News cycles are fleeting so pick your battles wisely

November 1, 2011 — 3:43 AM UTC by Guest Columnist Jason Lahita


The new reality for RIAs is that every day feels like a crisis. As markets swing wildly and moods shift from glee to gloom and back again, clients are scared – you might even say terrified – and their fear is infectious. How do you position yourself well in the face of so much chaos? Bullish or bearish, how do you walk the tightrope?

You need to choose your words carefully, and most of you do. But sometimes, mistakes are made. Sometimes the wrong thing is said, or done. Even innocent, explainable errors can quickly turn into PR monsters of nightmarish proportions. So how do you gauge your particular “crisis,” and what can you do about it when it rears its gruesome head?


Most of you who go before the media are practicing PR in times of crisis. It is important to make the distinction between this and “Crisis PR.”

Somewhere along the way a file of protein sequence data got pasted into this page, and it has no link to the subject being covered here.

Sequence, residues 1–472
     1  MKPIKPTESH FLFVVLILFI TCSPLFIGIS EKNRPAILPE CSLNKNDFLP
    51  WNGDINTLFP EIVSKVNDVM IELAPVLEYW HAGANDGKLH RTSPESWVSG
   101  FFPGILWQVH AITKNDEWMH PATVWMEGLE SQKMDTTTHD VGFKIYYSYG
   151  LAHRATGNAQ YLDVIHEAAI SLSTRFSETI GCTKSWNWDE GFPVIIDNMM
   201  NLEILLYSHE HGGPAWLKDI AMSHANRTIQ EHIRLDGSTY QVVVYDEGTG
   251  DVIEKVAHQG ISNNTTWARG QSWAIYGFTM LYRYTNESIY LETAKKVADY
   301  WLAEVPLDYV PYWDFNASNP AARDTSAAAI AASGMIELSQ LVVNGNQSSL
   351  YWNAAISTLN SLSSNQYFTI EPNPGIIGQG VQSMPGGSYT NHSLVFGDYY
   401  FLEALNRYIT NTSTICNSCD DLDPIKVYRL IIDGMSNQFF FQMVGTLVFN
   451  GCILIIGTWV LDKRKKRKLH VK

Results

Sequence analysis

Depending on one’s perspective and personal experiences, crisis can have many meanings. I spent some time in the U.S. Navy, where crisis meant our aircraft carrier had run over an F-18 that had been improperly launched from the flight deck. The pilot was fine, but wet and a half-inch shorter on getting back to the ship (I’m speaking literally – pilots get only three ejections in their career, max, due to spinal compression). He may have used strong language when referring to the situation. Recently I’ve experienced what I would define as a family crisis that makes a lot of what I worry and stress about on a daily basis seem ridiculous. So I try to keep all of this in perspective when considering whether something is truly worthy of the “crisis” label.

The fact is that is that all crises are relative. If you are getting spit-fire roasted by a journalist who seems to despise you, you’ve got yourself one sort of crisis. If you contributed money to Occupy Wall Street following Goldman’s withdrawal only to find yourself speaking for your B-D against their wishes – and Goldman managed your B-D’s IPO, then that’s a crisis of a different color – particularly if the reporter loved your quote about how the protesters are “just as inarticulate as my clients,” and it was highlighted it in the headline.